Hell is the knowing, everlasting deprivation of God’s grace. The image of a lake of fire that comes to mind for most people is a biblical one. There will be teeth gnashing and lashings or scorpions or total darkness in hell, according to the Bible. There is more than one depiction of hell in the Bible. Extreme suffering occurs in Hell because the soul is cut off from God’s grace and mercy.
Is Hell Just?
That seems to be the question we never get any clearer answers to. The answer to that one is more complex. Theologians have explained this away in many ways, but one explanation is that “people get what they deserve,” and that’s fair. God eventually concedes that if they do not wish to be with him, they can live without him.
Now, pride prohibits you from needing God around, and hell, if represented not only by visuals but by theological understanding, is entire conscious perpetual isolation from the blessings of God; and in a sense, hell is people receiving exactly what they want, (they say) “I didn’t want God.”
God eventually responds, “All right, I’ve shown you my kindness and compassion, and you do not want that. What you want is what you get. The Bible says that will hurt like hell. Being without God is a terrible test of the spirit. But eventually God gives in and says, “Okay, I’ll give you what you want.”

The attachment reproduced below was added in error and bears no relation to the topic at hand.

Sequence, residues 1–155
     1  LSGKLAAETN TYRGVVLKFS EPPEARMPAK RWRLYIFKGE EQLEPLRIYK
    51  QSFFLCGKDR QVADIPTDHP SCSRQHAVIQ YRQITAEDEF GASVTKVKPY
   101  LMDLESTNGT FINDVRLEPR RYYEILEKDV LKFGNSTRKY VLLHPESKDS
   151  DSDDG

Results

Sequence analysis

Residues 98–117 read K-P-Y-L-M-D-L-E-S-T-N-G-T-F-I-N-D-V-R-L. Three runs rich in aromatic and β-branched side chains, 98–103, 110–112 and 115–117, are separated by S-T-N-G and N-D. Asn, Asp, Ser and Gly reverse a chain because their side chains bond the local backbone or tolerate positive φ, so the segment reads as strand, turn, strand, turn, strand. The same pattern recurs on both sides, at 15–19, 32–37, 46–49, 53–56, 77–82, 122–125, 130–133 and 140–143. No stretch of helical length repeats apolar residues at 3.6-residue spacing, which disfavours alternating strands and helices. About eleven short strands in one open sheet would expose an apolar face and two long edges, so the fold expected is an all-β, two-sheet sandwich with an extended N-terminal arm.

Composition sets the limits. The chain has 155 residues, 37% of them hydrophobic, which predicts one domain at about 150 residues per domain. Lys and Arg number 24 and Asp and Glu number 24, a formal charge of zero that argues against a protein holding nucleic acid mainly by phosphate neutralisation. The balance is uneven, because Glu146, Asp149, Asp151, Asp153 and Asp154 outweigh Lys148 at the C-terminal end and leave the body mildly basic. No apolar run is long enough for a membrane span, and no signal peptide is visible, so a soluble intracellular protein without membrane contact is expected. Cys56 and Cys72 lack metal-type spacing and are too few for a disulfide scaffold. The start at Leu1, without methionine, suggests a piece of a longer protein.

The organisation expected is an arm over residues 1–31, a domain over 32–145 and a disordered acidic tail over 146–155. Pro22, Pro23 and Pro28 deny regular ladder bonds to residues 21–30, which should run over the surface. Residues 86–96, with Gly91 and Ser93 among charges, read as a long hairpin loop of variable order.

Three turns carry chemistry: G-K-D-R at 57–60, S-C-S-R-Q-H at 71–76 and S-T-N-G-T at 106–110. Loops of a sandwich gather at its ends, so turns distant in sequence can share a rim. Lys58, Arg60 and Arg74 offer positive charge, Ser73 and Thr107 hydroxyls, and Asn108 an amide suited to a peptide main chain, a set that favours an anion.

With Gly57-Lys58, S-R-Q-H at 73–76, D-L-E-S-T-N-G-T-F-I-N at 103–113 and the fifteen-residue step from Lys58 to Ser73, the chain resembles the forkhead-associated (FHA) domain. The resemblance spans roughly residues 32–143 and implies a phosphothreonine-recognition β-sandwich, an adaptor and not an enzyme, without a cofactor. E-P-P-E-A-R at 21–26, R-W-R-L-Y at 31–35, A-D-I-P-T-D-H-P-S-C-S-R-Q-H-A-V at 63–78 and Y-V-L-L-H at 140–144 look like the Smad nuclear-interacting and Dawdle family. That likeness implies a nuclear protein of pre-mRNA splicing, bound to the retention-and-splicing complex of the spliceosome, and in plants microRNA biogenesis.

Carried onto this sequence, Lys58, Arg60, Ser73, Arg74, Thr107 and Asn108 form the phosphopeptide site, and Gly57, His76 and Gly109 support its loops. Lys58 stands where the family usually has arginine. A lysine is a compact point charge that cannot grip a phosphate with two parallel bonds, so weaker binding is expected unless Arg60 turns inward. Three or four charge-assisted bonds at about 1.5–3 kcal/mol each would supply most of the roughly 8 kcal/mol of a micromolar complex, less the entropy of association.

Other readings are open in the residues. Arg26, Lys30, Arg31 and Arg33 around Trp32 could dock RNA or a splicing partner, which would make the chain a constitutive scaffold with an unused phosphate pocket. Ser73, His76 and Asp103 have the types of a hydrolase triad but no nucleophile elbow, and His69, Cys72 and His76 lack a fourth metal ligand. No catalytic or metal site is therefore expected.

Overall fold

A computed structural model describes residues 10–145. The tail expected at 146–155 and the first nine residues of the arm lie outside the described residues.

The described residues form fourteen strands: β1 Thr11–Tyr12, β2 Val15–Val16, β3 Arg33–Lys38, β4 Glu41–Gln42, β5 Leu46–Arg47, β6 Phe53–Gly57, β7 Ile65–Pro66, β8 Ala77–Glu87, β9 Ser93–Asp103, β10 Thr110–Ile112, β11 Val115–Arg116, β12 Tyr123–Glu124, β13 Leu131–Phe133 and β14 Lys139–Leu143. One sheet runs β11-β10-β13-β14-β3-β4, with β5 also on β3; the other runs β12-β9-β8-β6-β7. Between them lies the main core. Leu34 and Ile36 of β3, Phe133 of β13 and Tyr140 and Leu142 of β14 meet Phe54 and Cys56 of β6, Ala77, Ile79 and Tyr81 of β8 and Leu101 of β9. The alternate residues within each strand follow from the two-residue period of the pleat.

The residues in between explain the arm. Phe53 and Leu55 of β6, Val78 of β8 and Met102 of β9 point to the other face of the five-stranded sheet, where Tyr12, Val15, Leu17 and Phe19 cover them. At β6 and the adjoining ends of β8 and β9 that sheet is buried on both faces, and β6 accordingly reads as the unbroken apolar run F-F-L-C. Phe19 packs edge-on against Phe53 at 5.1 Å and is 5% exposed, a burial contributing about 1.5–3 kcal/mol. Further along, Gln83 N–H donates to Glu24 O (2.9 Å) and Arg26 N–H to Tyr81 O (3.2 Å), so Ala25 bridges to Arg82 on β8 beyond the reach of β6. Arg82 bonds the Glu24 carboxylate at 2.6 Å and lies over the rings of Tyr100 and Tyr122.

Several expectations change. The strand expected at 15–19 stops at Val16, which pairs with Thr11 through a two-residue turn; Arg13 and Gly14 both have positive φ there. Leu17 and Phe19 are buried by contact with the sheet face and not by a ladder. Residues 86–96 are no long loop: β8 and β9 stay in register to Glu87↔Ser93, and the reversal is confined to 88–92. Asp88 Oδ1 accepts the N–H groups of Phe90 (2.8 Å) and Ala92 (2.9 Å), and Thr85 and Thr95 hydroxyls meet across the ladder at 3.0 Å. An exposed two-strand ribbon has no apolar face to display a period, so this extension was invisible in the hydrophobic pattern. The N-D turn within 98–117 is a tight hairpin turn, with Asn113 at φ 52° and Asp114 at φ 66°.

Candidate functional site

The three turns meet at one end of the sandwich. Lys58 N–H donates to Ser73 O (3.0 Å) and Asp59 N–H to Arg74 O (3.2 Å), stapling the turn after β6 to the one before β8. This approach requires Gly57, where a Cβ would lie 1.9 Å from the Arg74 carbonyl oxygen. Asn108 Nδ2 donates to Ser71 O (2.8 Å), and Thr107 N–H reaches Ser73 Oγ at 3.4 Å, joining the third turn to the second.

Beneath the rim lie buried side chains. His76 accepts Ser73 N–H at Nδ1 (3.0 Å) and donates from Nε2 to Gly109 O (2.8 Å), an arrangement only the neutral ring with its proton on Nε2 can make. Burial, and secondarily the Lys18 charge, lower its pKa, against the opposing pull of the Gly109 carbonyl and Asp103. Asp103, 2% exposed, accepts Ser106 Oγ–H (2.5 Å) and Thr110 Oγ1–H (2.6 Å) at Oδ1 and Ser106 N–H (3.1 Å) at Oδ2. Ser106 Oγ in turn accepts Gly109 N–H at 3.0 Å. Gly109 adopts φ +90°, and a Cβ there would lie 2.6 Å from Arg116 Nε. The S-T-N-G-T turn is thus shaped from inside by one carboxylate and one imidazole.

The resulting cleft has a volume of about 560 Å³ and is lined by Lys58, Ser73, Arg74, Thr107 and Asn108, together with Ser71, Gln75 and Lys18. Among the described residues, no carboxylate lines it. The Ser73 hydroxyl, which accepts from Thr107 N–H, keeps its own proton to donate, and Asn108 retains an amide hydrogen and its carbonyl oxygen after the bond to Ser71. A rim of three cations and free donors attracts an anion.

Those who seek me find me. That right there is Heaven. If someone doesn’t want me, they won’t have me. When broken down to its core concept, it means that they are successful in obtaining their desired outcome.
Is There Really a Place Called Hell?
Is Jesus Christ’s message true? If Jesus Christ is Lord, then I must adhere to his teachings in their entirety. If we begin with that principle, we cannot just cut out the difficult bits. We must rely on his word. The most compassionate person to ever live was not shy in describing hell for what it is: horrible.
What Is the Distinction Between Gehenna, Sheol, and Hades?
Hell is derived from the Greek word Gehenna, which is a translation of the Hebrew phrase “Valley of Hinnom” (Strong’s 1067). In the New Testament, this phrase is translated into English as “hell.”